# Power Consumption

We are doing a project and trying to figure out the power consumption for a given amount of time. We are using an ATMEGA 2560 and can see from the graphs that it will use about 25mA and we are going to say 5.5V but it does not give us any time frames. We are trying to figure out how long it would last. We need to calculate the power usage per hour to try and find a battery that will allow the Arduino to last X amount of days. I know we have to add in all of the external parts and sensors etc, we are just trying to figure out a time from the information that is present in the datasheets. We do not have the parts to actually physically test them, we have to just use the datasheets for our projects.

I think you are really trying to energy** capacity as opposed to power.

Energy for this sort of thing is in Amp x Hours, commonly called Ahr or AmpHr and sometimes milliamp hour (mahr)

In addition, when looking for a battery you must consider the conditions the battery and Arduino are specified for.

Most batteries have a set of discharge curves that specify the deliverable energy capacity with a specific end voltage. Also temperature is a factor, if you are using this outside.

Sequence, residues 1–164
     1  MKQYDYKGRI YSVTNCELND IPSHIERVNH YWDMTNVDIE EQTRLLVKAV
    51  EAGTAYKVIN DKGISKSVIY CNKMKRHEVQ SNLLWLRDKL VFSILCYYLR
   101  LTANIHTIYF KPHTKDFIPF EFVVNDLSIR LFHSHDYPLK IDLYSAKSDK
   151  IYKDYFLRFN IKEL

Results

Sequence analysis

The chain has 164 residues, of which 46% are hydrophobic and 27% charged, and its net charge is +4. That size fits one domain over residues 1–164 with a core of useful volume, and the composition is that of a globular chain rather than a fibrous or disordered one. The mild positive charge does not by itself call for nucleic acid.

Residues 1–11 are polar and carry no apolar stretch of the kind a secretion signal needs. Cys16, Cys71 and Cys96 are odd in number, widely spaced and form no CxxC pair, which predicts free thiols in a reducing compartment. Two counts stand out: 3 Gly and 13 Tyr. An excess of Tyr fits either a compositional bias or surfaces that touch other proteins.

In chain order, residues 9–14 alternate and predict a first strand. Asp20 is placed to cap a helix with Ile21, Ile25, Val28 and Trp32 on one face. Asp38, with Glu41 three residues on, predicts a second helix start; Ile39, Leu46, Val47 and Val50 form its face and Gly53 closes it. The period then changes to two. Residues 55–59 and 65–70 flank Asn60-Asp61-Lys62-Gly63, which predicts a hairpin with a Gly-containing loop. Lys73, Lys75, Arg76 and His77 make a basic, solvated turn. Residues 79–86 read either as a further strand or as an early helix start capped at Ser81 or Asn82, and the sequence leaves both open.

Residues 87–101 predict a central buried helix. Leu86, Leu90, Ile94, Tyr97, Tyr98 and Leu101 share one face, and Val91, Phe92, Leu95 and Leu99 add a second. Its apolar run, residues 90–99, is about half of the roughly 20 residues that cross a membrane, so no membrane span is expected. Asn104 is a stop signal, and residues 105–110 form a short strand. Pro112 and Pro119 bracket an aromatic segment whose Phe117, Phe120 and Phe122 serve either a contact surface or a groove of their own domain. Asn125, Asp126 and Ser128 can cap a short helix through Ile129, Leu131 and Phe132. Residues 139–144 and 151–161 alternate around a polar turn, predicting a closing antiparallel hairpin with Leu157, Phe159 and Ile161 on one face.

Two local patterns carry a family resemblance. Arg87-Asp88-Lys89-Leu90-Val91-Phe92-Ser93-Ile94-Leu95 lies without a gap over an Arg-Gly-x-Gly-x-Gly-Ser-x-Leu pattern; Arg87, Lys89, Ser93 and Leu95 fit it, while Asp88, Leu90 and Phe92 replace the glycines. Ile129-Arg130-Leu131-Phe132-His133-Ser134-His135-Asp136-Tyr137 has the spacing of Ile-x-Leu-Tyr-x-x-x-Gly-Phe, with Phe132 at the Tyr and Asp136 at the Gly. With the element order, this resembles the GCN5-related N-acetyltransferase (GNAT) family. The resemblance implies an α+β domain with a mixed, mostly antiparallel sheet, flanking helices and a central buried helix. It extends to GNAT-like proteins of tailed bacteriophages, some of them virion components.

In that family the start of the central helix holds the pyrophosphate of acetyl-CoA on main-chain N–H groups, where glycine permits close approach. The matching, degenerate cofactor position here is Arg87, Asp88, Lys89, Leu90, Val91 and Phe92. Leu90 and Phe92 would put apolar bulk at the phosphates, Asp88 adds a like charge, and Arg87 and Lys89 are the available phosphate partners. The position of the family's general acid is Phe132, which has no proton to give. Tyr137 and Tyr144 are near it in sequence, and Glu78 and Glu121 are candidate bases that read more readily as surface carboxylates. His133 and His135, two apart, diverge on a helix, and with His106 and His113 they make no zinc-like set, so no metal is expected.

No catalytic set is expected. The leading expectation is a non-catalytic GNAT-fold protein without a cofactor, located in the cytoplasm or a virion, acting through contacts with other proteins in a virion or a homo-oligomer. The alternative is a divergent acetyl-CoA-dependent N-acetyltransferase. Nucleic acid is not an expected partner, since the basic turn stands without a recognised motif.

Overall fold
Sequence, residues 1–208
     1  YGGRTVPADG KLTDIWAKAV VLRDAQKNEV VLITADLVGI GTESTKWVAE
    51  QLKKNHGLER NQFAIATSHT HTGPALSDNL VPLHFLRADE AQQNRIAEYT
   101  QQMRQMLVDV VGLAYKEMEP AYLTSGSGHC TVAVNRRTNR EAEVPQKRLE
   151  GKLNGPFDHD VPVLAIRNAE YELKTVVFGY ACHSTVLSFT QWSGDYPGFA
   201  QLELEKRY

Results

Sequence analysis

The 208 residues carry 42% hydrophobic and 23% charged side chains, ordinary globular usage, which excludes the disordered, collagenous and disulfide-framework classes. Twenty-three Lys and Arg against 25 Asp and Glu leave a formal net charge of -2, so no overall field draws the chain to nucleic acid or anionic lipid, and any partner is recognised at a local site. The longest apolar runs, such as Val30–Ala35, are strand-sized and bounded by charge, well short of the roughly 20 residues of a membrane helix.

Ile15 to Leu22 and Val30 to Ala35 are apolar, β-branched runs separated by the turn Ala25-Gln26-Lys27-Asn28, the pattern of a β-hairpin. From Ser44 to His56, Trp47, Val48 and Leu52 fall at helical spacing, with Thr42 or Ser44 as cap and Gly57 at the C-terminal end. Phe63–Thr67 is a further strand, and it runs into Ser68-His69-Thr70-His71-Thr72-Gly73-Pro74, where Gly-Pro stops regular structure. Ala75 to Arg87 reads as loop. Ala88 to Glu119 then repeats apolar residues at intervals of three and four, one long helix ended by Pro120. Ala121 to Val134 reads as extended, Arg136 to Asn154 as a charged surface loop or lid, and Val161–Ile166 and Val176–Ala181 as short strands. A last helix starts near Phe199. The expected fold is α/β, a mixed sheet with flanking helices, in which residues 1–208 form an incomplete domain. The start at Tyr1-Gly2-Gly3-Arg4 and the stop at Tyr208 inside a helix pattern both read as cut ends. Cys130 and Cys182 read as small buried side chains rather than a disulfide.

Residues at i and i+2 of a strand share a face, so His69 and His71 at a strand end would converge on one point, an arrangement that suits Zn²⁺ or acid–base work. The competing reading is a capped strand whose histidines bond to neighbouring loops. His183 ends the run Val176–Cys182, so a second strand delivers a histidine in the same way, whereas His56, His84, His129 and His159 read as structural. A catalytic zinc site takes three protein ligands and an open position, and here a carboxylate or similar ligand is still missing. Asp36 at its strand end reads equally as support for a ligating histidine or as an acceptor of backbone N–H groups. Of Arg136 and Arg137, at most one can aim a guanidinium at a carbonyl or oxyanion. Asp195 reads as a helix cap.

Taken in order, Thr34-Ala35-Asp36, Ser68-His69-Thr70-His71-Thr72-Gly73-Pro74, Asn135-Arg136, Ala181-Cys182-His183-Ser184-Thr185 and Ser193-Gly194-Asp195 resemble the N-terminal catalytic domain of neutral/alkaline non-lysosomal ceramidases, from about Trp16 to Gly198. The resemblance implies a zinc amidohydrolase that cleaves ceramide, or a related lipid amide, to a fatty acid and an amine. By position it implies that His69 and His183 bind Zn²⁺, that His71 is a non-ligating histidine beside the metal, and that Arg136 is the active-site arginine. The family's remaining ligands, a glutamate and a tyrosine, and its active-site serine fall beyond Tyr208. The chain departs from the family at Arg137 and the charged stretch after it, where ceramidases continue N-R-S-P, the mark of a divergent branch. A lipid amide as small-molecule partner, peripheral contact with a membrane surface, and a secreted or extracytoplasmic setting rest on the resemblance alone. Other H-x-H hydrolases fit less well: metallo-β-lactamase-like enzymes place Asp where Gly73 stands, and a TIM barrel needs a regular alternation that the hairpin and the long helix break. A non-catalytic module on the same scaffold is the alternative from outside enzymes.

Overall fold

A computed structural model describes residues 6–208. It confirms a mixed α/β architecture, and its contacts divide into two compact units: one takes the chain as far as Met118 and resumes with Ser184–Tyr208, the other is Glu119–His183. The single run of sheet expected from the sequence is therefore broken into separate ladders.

** Actually Energy also includes voltage but for this discussion we use the term slightly incorrectly to help in understanding.

John

Battery capacity is given in Ampere Hours or mAh

So in theory a battery of 1000mAh will last for 1 hour if you draw 1000mA or 1amp from it.
Likewise it will last 2 hours if you draw half as much ie 500mA.

Hope it helps

And then when the battery says 1000mah, calculate you only use about 50% of the full capacity of the battery. If you would use the ful capacity your battery will be dead.

JohnRob:
Energy for this sort of thing is in Amp x Hours, commonly called Ahr or AmpHr and sometimes milliamp hour (mahr)

I've only ever seen "Ah" and "mAh", as the abbreviations, and I've seen a lot of batteries and datasheets.

Another thing to be aware of is that the nominal capacity given by the manufacturer is a
best case figure for a fresh battery, fully charged, usually at the optimal temperature, and for
a slow discharge (often over 10 hours).

Expect a new cell to realistically have about 80% of that capacity in practice, dropping to 50% or
even less over the life of the cell as its discharged and recharged. (no battery chemistry is
anything remotely like perfect).

Let a cell/battery over-discharge even briefly and the capacity can be completely trashed.

So in reality if you want 2.5Ah capacity, buy a 5Ah battery or so, then its likely to actually
last (if treated well).

We need to calculate the power usage per hour

No, you need to determine the current, and multiply by the time to get the capacity. Capacity
for batteries is just electric charge, but is usually measured in ampere-hours rather than coulombs,
since the numbers are more handy. 1Ah = 3600 coulombs.

If you don't know already, an ampere is the flow of one coulomb per second, so one amp for one
second is a charge or capacity of 1C (1 coulomb), or equivalently about 0.28mAh

I think this is what you want